It needs to be acknowledged that as Christians, we would see marriage as being more than this in several regards. Marriage is a covenant made before God. Marriage is a picture of the Gospel and the relationship of Jesus and His bride, the church. Marriage is ultimately defined and understood based on the authority of God’s Word. So there is more to marriage biblically than one will find in this definition. But marriage according to the Bible is certainly not less than this understanding of it. Each of these three components is consistent with what the Bible presents regarding marriage and family. A definition such as this provides apologetic weight with those who reject any biblical or revelational authority.
Now to the second question: should marriage be a matter of law, regulated by the state? To be brief, if one holds to the traditional definition of marriage then the answer is yes, and for one simple reason. Children and the production of new life is an inherently social and thus public issue. If one thinks that it is not, they need look no further than present day Europe. The birthrate has continued to drop in Europe for decades, even reaching an astounding 1.1 household birthrate in nations such as Italy. However, this lack of children has left Europe without a sufficient population base to support their economies. Thus, European nations have had to loosen immigration laws to draw in people from other countries. This phenomenon has led to massive shifts in the socio-economic climate in Europe. So children certainly have an impact on public issues. To take it even a step further, children may very well be the most precious resource a given society has at its disposal, and their development is often the most important factor in a given society’s future.
Girgis, Anderson and George are again helpful in addressing this question as well. The role of the state is to serve its citizens by protecting the common good not only of individuals but also the society as a whole. And since children and their development play a significant role in the common good of a society, marriage must be a matter of concern for the state, regulated by laws that protect and preserve the common good. The revisionist definition seeks to relegate marriage to an understanding that eliminates those elements that impact the public sphere of life and confine marriage to what is personal, namely the emotional connection between two individuals. As such, it is argued, the state should not infringe on what does or does not constitute a marriage (ironically, their desire is still the regulation of marriage by the state. T hey just want the state to enforce their own definition rather than their opponent’s. It’s much like the relativist who argues there is no absolute truth, all the while making an absolute statement in doing so. Their definition of marriage is a definition they want enforced by the state as well). However, if one holds to the traditional definition of marriage then state regulation is both acceptable and good.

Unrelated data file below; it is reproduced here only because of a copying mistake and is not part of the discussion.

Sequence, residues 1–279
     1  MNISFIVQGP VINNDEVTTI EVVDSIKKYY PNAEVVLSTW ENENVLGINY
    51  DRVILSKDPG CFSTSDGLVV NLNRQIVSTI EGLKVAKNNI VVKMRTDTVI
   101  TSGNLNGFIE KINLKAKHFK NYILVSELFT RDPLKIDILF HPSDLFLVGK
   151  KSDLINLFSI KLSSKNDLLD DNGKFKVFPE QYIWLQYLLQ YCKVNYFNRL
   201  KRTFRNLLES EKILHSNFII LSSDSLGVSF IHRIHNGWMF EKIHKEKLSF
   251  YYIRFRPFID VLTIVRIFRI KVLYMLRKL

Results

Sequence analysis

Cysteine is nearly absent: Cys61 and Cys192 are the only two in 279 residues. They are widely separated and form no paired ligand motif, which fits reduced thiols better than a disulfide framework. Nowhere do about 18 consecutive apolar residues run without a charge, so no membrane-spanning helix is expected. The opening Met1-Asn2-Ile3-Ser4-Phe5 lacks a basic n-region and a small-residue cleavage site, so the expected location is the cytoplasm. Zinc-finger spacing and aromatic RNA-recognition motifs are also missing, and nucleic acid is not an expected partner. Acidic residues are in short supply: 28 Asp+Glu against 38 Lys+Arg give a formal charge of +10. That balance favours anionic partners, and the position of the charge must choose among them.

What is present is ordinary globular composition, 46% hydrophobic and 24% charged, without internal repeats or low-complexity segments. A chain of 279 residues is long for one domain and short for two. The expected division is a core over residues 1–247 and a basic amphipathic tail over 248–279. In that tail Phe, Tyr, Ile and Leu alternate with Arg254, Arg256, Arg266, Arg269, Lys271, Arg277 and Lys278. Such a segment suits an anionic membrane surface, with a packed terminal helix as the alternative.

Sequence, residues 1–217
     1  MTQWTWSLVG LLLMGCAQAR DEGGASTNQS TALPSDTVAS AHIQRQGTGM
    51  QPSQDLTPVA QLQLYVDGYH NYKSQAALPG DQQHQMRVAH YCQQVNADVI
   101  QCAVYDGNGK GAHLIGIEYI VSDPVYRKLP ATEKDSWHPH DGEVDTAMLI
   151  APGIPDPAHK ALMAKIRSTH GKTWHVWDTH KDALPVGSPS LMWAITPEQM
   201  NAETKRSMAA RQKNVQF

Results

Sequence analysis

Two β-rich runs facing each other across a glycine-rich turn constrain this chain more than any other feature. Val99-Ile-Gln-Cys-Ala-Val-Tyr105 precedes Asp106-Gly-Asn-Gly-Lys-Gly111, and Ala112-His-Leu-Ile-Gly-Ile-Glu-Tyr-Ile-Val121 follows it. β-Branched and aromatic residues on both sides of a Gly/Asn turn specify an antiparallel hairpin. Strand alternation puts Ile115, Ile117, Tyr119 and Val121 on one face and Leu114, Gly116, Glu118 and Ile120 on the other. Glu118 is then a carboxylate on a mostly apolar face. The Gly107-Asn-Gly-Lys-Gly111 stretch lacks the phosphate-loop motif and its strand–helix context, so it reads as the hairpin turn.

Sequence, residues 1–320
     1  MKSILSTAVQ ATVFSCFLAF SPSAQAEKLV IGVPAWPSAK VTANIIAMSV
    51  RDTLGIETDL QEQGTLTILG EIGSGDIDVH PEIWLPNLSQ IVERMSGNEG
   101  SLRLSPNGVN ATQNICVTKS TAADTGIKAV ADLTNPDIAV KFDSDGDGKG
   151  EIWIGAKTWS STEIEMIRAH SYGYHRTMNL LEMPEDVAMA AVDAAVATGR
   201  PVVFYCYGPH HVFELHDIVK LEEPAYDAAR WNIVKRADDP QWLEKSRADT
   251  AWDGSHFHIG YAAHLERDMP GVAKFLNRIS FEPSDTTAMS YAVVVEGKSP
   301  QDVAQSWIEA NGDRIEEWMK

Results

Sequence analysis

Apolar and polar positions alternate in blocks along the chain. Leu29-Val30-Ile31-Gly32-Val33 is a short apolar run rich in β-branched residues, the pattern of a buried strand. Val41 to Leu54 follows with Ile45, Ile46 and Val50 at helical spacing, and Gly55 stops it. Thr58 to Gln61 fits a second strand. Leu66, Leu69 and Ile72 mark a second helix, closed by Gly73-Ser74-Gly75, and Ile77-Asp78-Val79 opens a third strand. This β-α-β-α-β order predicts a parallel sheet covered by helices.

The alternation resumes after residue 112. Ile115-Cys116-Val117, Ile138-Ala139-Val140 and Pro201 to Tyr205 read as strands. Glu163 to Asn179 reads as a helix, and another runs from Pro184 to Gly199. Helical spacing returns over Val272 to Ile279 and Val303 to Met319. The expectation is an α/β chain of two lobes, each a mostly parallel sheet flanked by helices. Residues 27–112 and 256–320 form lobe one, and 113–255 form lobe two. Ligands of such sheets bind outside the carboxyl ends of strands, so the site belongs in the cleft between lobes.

There is no question that the revisionist view has gained substantial momentum in recent years. Still, Christians should take heart. The traditional view of marriage, one that Christians can honestly and boldly stand on, makes a compelling case that is difficult to refute. May the church continue to labor for what is both right and good, for the glory of God and the good of all peoples.